The Zebra Crossing, a sensitively re-furbished century-old Yorkton home, hosts several businesses these days. But I recall it best when customers came for rooibos tea and conversation. Sat at glass tables and tall iron chairs. Ate paninis, gorgeous salads, decadent desserts and spread linen napkins on their laps.
The Crossing occasionally held evening by-ticket only functions. Dessert, entertainment, and great conversation. One Christmas the owner asked me if I’d emcee one of those evenings; a night of readings, music and dance. An intimate concert—with an African accent. I’ve told my readers about that evening before. Perhaps for my benefit alone, or maybe that of someone who shared that special evening with me, I need to recall it again.
Candles illuminated the tea room, once the gracious living room, and little changed over the years. One primitively carved giraffe lamp with a wide basket-woven shade glowed in the corner, and several small Christmas trees—slender silver rope-wrapped cones—hung with stars that reflected the flickering candles.
The Crossing bulged with its cargo of thirty guests. We clustered around steaming cups of hot apple cider and exquisitely arranged plates of decorated shortbread cookies.
For two and a half hours some of the area’s brightest artistic lights shared their gifts—stories, poetry, music—vocal, guitar and flute, and an exquisitely interpreted ballet number (by a young woman I didn’t know would one day become a friend). The presence of a tiny five-month old infant resting quietly on her mother’s lap lent an almost hallowed atmosphere.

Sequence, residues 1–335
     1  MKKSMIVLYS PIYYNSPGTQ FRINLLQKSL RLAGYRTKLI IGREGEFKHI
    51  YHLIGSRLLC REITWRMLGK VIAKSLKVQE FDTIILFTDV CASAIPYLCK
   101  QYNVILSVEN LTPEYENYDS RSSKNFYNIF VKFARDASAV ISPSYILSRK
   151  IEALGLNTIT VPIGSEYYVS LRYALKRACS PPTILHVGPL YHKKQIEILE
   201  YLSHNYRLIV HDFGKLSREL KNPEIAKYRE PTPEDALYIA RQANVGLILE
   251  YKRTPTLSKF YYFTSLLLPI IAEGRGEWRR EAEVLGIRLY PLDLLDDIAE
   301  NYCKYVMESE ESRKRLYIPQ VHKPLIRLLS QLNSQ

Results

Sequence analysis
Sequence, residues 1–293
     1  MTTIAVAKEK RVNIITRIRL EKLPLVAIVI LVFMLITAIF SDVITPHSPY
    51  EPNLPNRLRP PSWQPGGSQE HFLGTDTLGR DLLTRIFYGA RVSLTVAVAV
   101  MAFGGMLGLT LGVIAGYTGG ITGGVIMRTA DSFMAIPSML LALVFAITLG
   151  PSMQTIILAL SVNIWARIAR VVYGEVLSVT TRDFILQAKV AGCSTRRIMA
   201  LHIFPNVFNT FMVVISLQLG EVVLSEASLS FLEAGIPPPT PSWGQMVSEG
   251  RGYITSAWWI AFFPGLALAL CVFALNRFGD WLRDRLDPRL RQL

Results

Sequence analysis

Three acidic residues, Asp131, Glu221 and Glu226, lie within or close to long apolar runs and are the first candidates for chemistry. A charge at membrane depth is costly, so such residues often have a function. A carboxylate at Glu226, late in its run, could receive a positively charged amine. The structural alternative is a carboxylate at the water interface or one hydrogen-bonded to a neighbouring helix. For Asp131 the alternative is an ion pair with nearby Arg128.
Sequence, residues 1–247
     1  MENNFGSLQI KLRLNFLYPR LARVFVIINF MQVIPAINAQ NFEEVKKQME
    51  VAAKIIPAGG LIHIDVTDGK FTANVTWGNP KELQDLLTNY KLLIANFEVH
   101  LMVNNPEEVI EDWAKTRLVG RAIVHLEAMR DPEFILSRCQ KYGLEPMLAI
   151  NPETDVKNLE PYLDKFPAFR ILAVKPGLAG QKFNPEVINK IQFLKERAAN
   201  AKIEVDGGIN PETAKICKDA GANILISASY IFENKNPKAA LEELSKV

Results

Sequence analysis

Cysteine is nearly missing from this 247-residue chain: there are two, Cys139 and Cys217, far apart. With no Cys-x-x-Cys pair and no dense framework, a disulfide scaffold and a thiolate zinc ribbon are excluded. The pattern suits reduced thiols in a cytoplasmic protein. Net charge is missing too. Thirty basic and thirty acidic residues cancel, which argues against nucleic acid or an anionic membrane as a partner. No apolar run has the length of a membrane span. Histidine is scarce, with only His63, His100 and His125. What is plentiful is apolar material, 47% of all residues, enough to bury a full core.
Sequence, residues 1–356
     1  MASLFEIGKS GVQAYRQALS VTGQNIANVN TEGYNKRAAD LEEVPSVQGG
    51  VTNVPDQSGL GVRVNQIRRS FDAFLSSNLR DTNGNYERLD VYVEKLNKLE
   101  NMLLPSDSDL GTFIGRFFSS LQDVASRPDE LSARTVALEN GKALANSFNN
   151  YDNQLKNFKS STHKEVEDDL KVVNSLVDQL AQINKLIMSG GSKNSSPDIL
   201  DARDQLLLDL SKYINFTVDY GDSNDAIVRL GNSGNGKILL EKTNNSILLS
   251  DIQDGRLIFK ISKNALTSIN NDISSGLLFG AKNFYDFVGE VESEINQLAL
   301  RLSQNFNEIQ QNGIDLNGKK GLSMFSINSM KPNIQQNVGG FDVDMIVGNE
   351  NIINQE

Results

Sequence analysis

The performers had been asked only to choose pieces with a holiday theme. But almost without exception, they read or performed pieces that reflected the true meaning of Christmas. Not a single mention, that I recall, of the fat guy in the red suit.
Closing the evening, I recited the Christmas story from Luke 2 to a recorded orchestra playing “Oh, Little Town of Bethlehem.” Reflected in those candlelit faces, I sensed wistfulness. Longing. Hope. I ended with John 3:16: For God so loved the world, that he gave his only begotten son, that whoever believes in him should not perish but have everlasting life.
All evening, but especially then, it felt that the reason for the season had chosen to join us. Jesus, in that very room, fingering the edges of our shop-weary, Christlessmas hearts, and tuning them once more to a genuine Christmas key. Perfect pitch.
This year’s Christmas concerts are over. The gifts are unwrapped, and the turkey picked to the bones. But truth has not left us, nor the Christ whose birth we celebrate. I hope you made some great memories, but I’d like to know…do they include an encounter with the Reason for the season?
No matter our faith–or lack thereof, God never stops reaching for encounter with us. Watch the remarkable story of one young Muslim practicing cultural Jihad in the Bible Belt of America: